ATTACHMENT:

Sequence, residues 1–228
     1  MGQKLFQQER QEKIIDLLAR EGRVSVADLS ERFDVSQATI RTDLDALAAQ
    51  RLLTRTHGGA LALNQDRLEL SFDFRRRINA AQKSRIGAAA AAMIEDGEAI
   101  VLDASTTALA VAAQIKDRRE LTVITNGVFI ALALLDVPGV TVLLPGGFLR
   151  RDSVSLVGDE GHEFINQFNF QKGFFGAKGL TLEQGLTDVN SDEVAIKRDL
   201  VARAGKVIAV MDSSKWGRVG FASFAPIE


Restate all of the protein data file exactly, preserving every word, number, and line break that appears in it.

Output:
Sequence, residues 1–228
     1  MGQKLFQQER QEKIIDLLAR EGRVSVADLS ERFDVSQATI RTDLDALAAQ
    51  RLLTRTHGGA LALNQDRLEL SFDFRRRINA AQKSRIGAAA AAMIEDGEAI
   101  VLDASTTALA VAAQIKDRRE LTVITNGVFI ALALLDVPGV TVLLPGGFLR
   151  RDSVSLVGDE GHEFINQFNF QKGFFGAKGL TLEQGLTDVN SDEVAIKRDL
   201  VARAGKVIAV MDSSKWGRVG FASFAPIE